Usually, the crack is located at the level of the tip of the fibula. In the course of the tendon, swelling is usually noticeable and then permanent pain occurs on the outside of the ankle.
The lateral pain sits just behind the outer ankle.
The pain increases with activity, especially when walking on uneven terrain and when loading the outer edge of the foot.

Skiing is a common cause of dislocation of the fibula muscle tendon. It can also occur in connection with an ankle sprain.
The dislocation (exit of the tendon from its plain bearing) is caused by the strong contraction of the calf muscles when the skier presses the skis into the snow to perform a turn.
The person concerned may hear a kind of snapping during the accident. Pain and swelling of the ankle in the posterior, outer area, behind the outer ankle.
Symptoms intensify when walking on uneven ground above the outer edges of the foot.

The peroneal tendon may remain luxated or be returned to its correct position (reposition), but it is easily possible that it will be shifted again during activity.

Peroneal tendon endinitis is the inflammation and degeneration of the tendons on the outside of the ankle.
It often occurs as a result of a sprained ankle or is caused by the supination position of the foot.
The symptoms are pain with pressure and stretching of the tendon, as well as discomfort when trying to walk on the outer edges of the foot.
Ankle swelling and movement restrictions are rare.
Optimal treatment includes correction of foot position and manual physiotherapy.

lesion on the outer ligament of the ankle joint (anterior roller bone-fibula ligament) occurs as a concomitant injury of an ankle distortion.
The pain is noticeable on the outside of the ankle when pressure is applied to the ligament and the foot is turned inwards.
Signs and symptoms include swelling and bruising.
The ankle is unstable, especially if the other outer ligaments of the ankle joint are also torn.

Snowboarder’s Ankle refers to a special bone fracture; affected is the lateral tali process, a process of the ankle bone.
The patient complains of punctual pain, swelling and bruising in front of the outer ankle.
The area around the outer ankle feels numb. This bone fracture clinically resembles a sprained ankle.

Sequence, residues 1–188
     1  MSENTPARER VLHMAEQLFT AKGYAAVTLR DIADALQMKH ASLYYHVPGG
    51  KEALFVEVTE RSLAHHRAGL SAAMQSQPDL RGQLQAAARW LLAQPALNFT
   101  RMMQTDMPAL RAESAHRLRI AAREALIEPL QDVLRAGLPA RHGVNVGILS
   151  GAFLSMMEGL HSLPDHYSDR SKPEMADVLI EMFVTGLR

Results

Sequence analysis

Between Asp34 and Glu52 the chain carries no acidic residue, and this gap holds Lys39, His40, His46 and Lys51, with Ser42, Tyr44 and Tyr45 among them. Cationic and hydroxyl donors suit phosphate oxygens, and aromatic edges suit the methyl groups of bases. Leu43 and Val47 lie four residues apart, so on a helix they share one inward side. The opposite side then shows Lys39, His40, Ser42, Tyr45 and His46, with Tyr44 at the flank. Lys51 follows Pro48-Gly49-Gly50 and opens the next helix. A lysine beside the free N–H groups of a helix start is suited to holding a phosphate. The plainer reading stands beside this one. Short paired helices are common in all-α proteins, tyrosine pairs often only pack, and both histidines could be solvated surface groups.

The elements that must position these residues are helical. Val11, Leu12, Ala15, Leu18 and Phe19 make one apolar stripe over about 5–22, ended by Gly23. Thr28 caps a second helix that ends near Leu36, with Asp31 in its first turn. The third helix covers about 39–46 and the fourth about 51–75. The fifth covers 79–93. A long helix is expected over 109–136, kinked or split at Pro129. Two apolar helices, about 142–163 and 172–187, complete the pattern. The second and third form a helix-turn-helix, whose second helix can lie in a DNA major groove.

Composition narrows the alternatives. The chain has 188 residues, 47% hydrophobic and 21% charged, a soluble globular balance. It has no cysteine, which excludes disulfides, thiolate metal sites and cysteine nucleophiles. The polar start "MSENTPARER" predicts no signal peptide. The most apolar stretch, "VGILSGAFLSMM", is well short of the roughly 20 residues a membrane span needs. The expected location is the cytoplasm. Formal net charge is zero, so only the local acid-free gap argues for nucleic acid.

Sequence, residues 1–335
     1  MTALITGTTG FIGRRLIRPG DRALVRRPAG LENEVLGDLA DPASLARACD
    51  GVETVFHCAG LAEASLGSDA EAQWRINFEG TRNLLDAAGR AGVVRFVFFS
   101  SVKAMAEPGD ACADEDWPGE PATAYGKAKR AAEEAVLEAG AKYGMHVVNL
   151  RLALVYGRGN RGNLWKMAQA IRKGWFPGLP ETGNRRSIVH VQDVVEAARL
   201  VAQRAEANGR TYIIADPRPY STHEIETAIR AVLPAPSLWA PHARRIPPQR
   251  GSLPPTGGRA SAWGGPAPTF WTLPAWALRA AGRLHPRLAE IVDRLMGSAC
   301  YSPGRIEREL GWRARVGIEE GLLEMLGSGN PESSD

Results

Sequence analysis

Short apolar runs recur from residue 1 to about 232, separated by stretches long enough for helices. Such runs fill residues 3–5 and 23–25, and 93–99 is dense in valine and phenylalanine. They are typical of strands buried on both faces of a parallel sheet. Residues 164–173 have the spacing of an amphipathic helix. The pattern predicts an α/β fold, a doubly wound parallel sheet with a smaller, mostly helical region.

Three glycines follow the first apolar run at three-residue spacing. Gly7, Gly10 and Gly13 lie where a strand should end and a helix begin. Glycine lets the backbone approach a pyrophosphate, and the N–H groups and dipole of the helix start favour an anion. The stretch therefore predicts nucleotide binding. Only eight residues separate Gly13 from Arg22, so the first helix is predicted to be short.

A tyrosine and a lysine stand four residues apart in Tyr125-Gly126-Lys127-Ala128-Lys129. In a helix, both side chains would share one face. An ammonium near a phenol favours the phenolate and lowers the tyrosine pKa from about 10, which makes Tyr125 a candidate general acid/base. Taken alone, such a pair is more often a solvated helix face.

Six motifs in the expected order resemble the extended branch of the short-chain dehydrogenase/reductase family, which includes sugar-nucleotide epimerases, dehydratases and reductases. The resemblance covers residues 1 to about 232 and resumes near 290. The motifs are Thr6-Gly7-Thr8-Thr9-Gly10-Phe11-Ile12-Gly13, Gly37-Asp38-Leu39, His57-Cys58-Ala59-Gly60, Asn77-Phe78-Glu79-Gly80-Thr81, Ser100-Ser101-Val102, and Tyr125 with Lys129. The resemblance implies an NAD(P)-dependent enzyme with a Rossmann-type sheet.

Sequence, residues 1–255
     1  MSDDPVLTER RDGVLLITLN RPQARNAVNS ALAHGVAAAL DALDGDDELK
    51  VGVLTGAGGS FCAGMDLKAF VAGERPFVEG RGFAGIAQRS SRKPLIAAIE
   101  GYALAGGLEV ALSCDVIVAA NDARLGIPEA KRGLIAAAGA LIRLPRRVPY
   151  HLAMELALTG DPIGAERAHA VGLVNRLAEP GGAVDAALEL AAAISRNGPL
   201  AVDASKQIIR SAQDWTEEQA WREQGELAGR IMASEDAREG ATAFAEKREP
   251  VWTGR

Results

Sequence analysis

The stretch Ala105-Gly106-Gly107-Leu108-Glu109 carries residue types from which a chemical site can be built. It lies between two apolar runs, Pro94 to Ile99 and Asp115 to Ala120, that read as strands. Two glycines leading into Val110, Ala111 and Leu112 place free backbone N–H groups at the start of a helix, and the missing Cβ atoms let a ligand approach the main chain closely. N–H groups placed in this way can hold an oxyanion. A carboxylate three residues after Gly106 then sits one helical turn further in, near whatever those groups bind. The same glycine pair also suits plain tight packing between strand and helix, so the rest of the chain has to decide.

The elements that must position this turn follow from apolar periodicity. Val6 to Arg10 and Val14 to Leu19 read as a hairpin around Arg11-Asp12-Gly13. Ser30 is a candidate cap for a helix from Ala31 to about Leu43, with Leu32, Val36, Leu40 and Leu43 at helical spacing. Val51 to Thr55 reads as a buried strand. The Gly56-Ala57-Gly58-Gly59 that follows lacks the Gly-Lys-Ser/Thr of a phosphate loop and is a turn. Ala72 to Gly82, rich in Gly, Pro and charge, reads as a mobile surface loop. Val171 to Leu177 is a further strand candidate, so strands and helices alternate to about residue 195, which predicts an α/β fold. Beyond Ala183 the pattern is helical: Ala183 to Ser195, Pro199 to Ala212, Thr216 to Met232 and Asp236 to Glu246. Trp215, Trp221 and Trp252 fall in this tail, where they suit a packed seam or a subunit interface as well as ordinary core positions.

It is often not shown on X-rays, patients with ankle sprain often get the diagnosis of the bone fracture with delay.
The symptoms cannot be remedied by physiotherapy in the acute phase and the patient develops chronic pain on the outside of the ankle.

Internal ankle pain

The most common causes are fractures of the inner ankle, tendinitis of the posterior tibia muscle and internal ankle sprains.

Inner ankle fracture
In a fracture of the inner ankle, the bone protrusion on the inside of the ankle breaks. It is usually caused by traumatic injuries, such as a fall from a greater height or when the foot is placed incorrectly and twists.
In the ankle there is very severe pain (especially when walking, when the broken side is loaded), pressure discomfort and swelling of the ankle and foot.

Tendinitis of the posterior tibial muscle causes severe pain on the inside of the ankle joint.
The cause is trauma or a foot deformity: flatfoot or valgus position of the ankle.
Symptoms occur with pressure on the tendon, stretching or tension of the posterior tibial muscle.
If tendonitis is not treated, walking can become problematic, especially if the inside of the foot is stressed.

Pain in the ankle nerves

If the ankle causes pain from morning to evening and also in bed, it could be inflammation of the leg nerves.
The most common neuralgia of the ankle is tarsal tunnel syndrome on the inside of the foot and deep fibula nerve syndrome (a branch of the sciatic nerve) when symptoms appear on the outside of the foot.
In this case, the ankle is not swollen and movement is not restricted, but the pain is constant even at rest and at night.

As a rule, patients with sciatica feel the pain in the back or outside of the ankle and calf.
Treatment can be done manually with exercises and manipulations that free the pinched nerves.
If conservative therapy turns out to be inadequate, surgical intervention may be considered to free the nerve.